Endomeni Rehabilitation Project

The Endomeni Rehabilitation Project cares for injured or abandoned South African cats with the hopes of re-introducing them into the wild. They offer tours of the facility that includes bringing visitors into the pens to interact with the animals. While we expected to touch a cat or two, we were amazed to find ourselves inside a pen with full-grown cheetahs and a cheetah cub.

Trip highlights from October 28th follow. Click any image for a larger view, or click the position to view the location on a map. And a live map of our current route and most recent log entries always is available at http://mvdirona.com/maps

Endomeni Rehabilitation Project

The Endomeni Rehabilitation Project is just over an hour’s drive from Richards Bay, so we visited as a day trip. The project also has an on-site lodge for overnight guests, where we purchased our tickets.
Cats on site

On site are currently seven cheetah, six serval, seven caracal and five wildcat. So far the program has released twenty-seven cats back into the wild.
African wildcat

The first cats we visited were the African wildcat, the ancestor of the domestic housecat. They sure look like a normal house pet and have lovely soft fur. One distinction is that the African wildcat has all-black fur on the bottom of its paws.
Wilder wildcat

Some of the African wildcats were accustomed to people and could be petted, but others were still pretty wild. This one would tolerate our presence, but was too wild to pet.

The next cats we visited were caracals. None were tame enough to be petted, but we could go inside the enclosure of one. Some caracals were being kept away from people so that they would be afraid of them and could be more successfully re-introduced into the wild.

This caracal was still quite wild and we could only see it (and hear it) from outside the enclosure.

The next cats were Cheetahs. We were pretty amazed to be actually inside a cage with a live cheetah. Sitting it stood almost as tall as Jennifer.

The beautiful markings of an adult cheetah.
Petting a cheetah

Not only were we able to be inside a pen with a cheetah, we were actually able to pet one. The guide kept a close eye on the interactions and gave us careful instructions on how and where to pet the animal.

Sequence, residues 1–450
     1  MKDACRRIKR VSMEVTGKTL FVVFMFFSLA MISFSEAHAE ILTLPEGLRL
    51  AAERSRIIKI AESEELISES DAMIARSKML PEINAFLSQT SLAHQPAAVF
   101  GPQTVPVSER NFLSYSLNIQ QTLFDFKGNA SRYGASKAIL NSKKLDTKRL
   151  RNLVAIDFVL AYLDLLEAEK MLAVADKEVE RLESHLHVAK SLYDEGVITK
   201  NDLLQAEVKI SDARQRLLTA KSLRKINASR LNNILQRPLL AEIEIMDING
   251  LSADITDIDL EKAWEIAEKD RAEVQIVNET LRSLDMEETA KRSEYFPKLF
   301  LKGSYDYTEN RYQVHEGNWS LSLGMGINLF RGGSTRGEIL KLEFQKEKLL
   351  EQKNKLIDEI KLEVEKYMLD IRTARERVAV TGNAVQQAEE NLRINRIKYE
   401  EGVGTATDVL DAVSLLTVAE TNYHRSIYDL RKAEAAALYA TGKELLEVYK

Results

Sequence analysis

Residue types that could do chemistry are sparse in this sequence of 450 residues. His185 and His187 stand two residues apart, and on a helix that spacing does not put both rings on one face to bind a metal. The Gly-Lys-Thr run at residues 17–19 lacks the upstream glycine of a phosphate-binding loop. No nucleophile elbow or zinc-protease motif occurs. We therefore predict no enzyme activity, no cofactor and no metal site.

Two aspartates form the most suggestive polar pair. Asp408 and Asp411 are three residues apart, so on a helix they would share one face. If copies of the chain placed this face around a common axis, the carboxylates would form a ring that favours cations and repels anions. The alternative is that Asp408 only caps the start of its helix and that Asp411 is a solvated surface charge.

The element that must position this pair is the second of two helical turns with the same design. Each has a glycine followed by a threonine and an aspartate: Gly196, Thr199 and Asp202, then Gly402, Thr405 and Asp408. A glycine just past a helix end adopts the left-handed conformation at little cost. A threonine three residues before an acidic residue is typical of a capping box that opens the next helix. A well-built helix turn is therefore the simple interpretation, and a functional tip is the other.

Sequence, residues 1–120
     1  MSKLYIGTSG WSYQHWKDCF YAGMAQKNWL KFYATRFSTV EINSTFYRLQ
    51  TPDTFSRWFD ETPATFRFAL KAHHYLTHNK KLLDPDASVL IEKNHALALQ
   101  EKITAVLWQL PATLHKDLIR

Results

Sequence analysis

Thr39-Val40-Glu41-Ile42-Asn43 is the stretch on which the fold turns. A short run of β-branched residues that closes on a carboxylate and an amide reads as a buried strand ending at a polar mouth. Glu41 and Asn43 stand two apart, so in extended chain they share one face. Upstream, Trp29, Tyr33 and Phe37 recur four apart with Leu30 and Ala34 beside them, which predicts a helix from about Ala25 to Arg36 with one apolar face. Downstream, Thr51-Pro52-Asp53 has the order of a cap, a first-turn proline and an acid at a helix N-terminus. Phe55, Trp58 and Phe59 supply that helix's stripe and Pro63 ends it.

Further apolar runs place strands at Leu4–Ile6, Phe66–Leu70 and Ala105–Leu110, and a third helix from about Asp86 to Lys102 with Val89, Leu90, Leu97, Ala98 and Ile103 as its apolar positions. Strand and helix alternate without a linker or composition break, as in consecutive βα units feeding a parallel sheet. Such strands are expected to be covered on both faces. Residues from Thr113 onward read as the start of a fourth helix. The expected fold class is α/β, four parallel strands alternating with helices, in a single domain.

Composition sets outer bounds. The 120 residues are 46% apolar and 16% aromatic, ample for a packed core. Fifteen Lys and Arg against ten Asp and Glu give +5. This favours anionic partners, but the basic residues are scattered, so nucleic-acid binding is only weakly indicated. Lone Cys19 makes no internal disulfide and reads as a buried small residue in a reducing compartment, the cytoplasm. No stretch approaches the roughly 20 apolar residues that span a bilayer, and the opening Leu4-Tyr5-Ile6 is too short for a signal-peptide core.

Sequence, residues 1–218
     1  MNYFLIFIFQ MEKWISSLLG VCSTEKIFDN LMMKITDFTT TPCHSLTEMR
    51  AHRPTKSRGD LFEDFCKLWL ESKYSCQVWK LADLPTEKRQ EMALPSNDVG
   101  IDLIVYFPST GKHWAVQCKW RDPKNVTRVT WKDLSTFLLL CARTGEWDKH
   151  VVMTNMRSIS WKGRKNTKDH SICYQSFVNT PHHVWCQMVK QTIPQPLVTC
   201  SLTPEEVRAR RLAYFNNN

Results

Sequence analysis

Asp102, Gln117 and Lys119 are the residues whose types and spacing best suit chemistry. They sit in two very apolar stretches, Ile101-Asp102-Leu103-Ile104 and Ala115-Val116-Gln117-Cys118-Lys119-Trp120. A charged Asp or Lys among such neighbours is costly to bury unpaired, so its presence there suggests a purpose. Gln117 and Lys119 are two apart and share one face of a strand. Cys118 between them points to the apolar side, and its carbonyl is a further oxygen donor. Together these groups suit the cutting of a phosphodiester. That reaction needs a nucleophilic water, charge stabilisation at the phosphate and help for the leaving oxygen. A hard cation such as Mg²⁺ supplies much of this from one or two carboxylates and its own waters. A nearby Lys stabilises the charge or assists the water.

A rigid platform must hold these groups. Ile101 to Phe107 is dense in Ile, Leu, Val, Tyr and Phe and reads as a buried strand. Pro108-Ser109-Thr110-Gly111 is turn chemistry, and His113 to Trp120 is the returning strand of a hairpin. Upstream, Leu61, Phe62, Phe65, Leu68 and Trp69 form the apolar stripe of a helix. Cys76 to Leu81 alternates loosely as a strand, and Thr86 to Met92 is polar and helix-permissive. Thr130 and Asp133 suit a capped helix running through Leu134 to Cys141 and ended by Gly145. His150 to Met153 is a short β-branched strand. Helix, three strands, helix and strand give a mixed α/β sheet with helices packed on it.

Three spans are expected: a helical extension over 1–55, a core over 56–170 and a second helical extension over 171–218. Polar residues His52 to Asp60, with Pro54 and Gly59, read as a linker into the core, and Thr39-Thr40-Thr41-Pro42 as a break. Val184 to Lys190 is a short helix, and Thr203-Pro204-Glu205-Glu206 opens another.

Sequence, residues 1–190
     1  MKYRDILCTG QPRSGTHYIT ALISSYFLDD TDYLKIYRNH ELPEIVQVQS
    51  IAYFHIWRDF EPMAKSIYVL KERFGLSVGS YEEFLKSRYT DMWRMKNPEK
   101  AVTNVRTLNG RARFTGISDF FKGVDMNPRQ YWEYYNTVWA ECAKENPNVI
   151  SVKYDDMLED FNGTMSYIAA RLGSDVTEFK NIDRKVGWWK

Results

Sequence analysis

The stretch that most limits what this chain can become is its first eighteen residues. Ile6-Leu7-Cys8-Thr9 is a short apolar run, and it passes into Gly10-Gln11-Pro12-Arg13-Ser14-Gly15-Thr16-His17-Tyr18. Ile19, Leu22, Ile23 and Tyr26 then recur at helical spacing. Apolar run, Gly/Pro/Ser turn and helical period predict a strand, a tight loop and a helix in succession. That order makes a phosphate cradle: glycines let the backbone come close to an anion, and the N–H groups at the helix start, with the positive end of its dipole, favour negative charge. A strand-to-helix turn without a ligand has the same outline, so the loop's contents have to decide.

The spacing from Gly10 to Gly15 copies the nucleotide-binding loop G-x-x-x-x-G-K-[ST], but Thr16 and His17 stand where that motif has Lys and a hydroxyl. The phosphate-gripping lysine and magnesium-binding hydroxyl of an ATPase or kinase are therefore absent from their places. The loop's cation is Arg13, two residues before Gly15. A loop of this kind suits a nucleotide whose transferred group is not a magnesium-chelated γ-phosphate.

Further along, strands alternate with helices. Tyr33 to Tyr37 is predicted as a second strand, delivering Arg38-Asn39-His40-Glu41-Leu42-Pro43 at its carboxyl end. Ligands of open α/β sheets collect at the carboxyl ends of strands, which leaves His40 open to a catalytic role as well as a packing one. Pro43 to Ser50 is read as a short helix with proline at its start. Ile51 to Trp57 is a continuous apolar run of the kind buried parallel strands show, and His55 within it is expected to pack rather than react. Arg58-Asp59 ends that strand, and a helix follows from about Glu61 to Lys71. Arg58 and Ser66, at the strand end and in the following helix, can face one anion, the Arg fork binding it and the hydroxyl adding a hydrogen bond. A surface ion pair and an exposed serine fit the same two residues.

James petting a cheetah

We still can’t believe we actually petted a cheetah.
Cheetah cub

The star of the show was this cheetah cub–it was adorable.

The cheetah cub was incredibly playful and would muss people’s hair all the while purring up a storm. Here he is chewing on James’ fingers.

The fourth cat we visited were servals. They have beautiful markings that you can see on the video at https://youtu.be/bQ7Evj0J79g (0:22) The first half shows a caracal walking around it’s enclosure. It has a bit of a limp because it is older and slightly arthritic.
Fake eyes

The servil is small enough to be prey for the Verreuax’s Eagle, the sixth largest eagle in the world. The markings on the back of its ears are protective to make it appear to an eagle flying above that the cat is looking back at him. This cat is substantially bigger than Spitfire, so we’ll have to be very careful he doesn’t get carried off.

This servil apparently spends most of his time sleeping up in the tree branches. When we’d first arrived at the park and were waiting for the tour to start, two had jumped down from the trees to come see what we were doing.
Pro-Radio Marine

We stopped by Pro-Radio Marine at the Zululand Yacht Club to inquire about diesel and checked out their well-stocked store.

Most of South Africa is malaria-free, including Richards Bay. But some of the game parks we might visit a little further north have a risk of malaria. So we made a doctor appointment at the Meer En See Medicross clinic to get a Malanil prescription. This is the same anti-malarial we took in Vanuatu (it’s called Atovaquone/Proguanil in the US) and has a nice feature of only needing to be started a day or two in advance of exposure where most other anti-malarials require starting a week in advance.

We finished the day with drinks at one of the Tuzi Gazi restaurants overlooking the marina.
Show locations on map Click the travel log icon on the left to see these locations on a map, with the complete log of our cruise.

On the map page, clicking on a camera or text icon will display a picture and/or log entry for that location, and clicking on the smaller icons along the route will display latitude, longitude and other navigation data for that location. And a live map of our current route and most recent log entries always is available at http://mvdirona.com/maps.


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